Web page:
ASRock Z170 OC Formula Motherboard Review

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Final Thoughts and Conclusions

ASRock-Z170-OC-Formula-Box-Front

ASRock might not be the first motherboard manufacturer I personally look at, however my experience with the Z170 OC Formula has shown that they are capable of making incredible motherboards and warrant a closer look at their offerings.  While experience with the Z170 chipset is limited at this time, we have had the opportunity to overclock this specific hardware configuration on three different Z170 motherboards.

While the focus on the Z170 OC Formula is obviously it’s overclocking ability, simply by raising the CPU Multiplier to 49 and increasing the voltage to 1.43V we were able to get a stable overclock of 4.9GHz!  The other two motherboards the Intel i7-6700k wouldn’t run stable above 4.7GHz.  The ASRock Z170 OC Formula has many other overclocking features available, that an expert shouldn’t have any difficulty in overclocking this motherboard much higher.  Speaking of experts overclocking the Z170 OC Formula, it is endorsed by Nick Shih a Champion Overclocker who holds numerous records.  If you’re not an expert at overclocking, but want to get the most out of your system, ASRock has done a great job at offering four different pre-configured overclocking configurations.  Talk about making it easy!

ASRock-Z170-OC-Formula-Overview

Overclocking aside, on most motherboards there are small differences in features and performance, when running the same hardware I expected the ASRock Z170 OC Formula to perform like the other Z170 motherboard I have had the opportunity to look at.  I wasn’t expecting a 3% to 5% difference in performance just by swapping the motherboard.  In nearly every test, the ASRock Z170 OC Formula received a better performance score at base clock speeds.

Other than the advanced overclocking features, the Z170 OC Formula has many other features of interest.  The extra large aluminum heatsinks are useful in keeping the Z170 chipset and the MOSFETs cool.  Perhaps the 60A power chokes, memory chokes or the Nichicon 12K Platinum Caps designed to provide more stable power to your vital components are of interest.  ASRock has used some of the best components available to make a stable overclocking motherboard.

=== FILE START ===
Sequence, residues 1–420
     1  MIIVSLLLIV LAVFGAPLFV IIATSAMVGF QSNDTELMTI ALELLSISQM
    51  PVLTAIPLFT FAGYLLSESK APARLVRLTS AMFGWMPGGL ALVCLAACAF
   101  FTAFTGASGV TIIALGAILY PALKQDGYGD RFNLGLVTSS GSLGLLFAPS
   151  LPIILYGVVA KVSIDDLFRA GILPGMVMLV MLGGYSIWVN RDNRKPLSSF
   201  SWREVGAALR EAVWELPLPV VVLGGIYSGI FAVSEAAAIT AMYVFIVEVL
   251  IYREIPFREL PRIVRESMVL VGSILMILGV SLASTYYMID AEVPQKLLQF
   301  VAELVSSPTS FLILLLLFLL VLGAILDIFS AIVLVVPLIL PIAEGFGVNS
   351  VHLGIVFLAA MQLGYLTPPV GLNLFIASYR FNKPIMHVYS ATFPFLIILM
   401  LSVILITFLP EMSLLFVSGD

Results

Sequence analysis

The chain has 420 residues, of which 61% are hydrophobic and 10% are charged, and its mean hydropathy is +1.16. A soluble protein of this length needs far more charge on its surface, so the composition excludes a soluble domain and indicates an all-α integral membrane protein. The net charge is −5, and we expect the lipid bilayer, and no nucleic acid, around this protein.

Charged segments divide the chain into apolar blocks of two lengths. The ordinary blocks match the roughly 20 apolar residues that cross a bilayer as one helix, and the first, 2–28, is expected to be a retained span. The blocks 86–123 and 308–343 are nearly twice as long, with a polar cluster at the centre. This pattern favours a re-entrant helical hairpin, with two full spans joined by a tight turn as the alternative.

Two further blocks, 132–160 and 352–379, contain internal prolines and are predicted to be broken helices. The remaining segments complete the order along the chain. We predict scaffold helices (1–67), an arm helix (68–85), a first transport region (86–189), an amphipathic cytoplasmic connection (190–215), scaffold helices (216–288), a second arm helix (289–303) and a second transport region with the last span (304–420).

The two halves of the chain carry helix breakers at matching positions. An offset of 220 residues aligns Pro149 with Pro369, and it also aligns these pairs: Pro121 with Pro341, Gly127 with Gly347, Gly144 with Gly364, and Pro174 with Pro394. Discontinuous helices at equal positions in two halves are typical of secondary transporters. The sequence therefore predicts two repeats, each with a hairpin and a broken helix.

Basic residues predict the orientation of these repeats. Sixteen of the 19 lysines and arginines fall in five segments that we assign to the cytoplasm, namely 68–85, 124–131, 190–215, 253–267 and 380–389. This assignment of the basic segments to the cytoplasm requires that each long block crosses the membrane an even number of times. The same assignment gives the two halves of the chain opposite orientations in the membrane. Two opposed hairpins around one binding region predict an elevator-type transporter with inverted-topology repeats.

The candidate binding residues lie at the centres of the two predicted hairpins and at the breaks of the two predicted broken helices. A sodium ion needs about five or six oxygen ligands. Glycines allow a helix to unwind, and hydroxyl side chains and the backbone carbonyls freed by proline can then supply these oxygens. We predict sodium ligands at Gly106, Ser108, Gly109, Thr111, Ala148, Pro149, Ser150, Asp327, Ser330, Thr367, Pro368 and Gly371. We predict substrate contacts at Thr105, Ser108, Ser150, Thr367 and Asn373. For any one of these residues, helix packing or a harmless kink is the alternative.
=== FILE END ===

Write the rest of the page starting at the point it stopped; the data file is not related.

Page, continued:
If you are looking for a motherboard that runs the latest Intel Socket 1151 Skylake processors, and want squeeze every ounce of performance out of your components, then the Z170 OC Formula deserves your attention.  It supports the latest technology and has nearly every feature you could want on a modern motherboard; extremely easy overclocking, three M.2, capable of running U.2 drives, dual USB 3.0 internal headers with a USB 3.0 Type-A connector on the motherboard, USB 3.1 and Type-C connectors on the rear I/O panel, quad SLI or CrossFireX support, and up to 64GB of DDR4 memory at over 4500MHz (when overclocked).  The ASRock Z170 OC Formula motherboard is available now for around $252.99 plus shipping.  There are cheaper socket 1151 motherboards available, however I think you will have a difficult time finding a motherboard with the overclocking capabilities of this one.

LR_Recommended

Legit Bottom Line:  If you want to get the best performing motherboard, so far in our testing the ASRock Z170 OC Formula motherboard is the best performing motherboard at any clock speed.  If you are into Overclocking, the overclocking features on the Z170 OC Formula is enough that a Champion Overclocker, Nick Shih, has endorsed the motherboard.  Without any significant tweaking, we were able to overclock our i7-6700K to 4.9GHz, which is 0.2GHz faster than our previous “easy overclock” attempts.

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  • Mike C.

    I’m just gonna outright say it. If you are from Pittsburgh, this is a really tempting board just for the design!

  • YOUDIEMOFO

    Maybe I just do not understand the idea of it all, but how are you supposed to have quad graphics cards and still be able to utilize all four cards respectively along with three M.2 drives in a raid??

    Does this not take up more than the available PCI-E lanes allocated for the GFX/disk/HDD’s? I could see with a 2011 socket allowing 40 lanes of PCI-E 3.0 there being no problem…..I just hope someone can enlighten me as I’m always looking at tech just to see what’s avaislble for the ol’upgrade…

    • Georgian

      you the real MVP
      maybe this socket will be used for future generation of cpu on this soket, that will have more pci lanes

      • YOUDIEMOFO

        I see in the specifications of this particular motherboard here on this review it has an * (asterisk) next to where it explains the PCI-e throughput. It does not however explain what that asterisk means in lieu of the PCI-e lanes in question.

    • Steven Kean

      It seems that each motherboard does it a bit differently. The GB Z170 board specifically mentions that the PCI-E lane and SATA ports becomes disabled, where the ASRock Z170 OC doesn’t mention the PCI-E lanes, but does mention disabling the SATA ports. Another one I’m testing is like the ASRock board, only disabling the SATA ports. That seems to be the most common aspect of the M.2 implementation.

      • YOUDIEMOFO

        Nice. And thanks for shedding a bit of light on this for me. Just did not understand the asterisk by the explanation of the PCI-E lanes in the article clipping they took from the manufacturer. I sure there was something elsewhere explaining exactly what that was supposed to mean…

        • Steven Kean

          Sorry, I’ll watch those next time. The * on the PCI-E slots is just that they support NVME as boot drives, nothing to major.

        • YOUDIEMOFO

          Ah’thank you….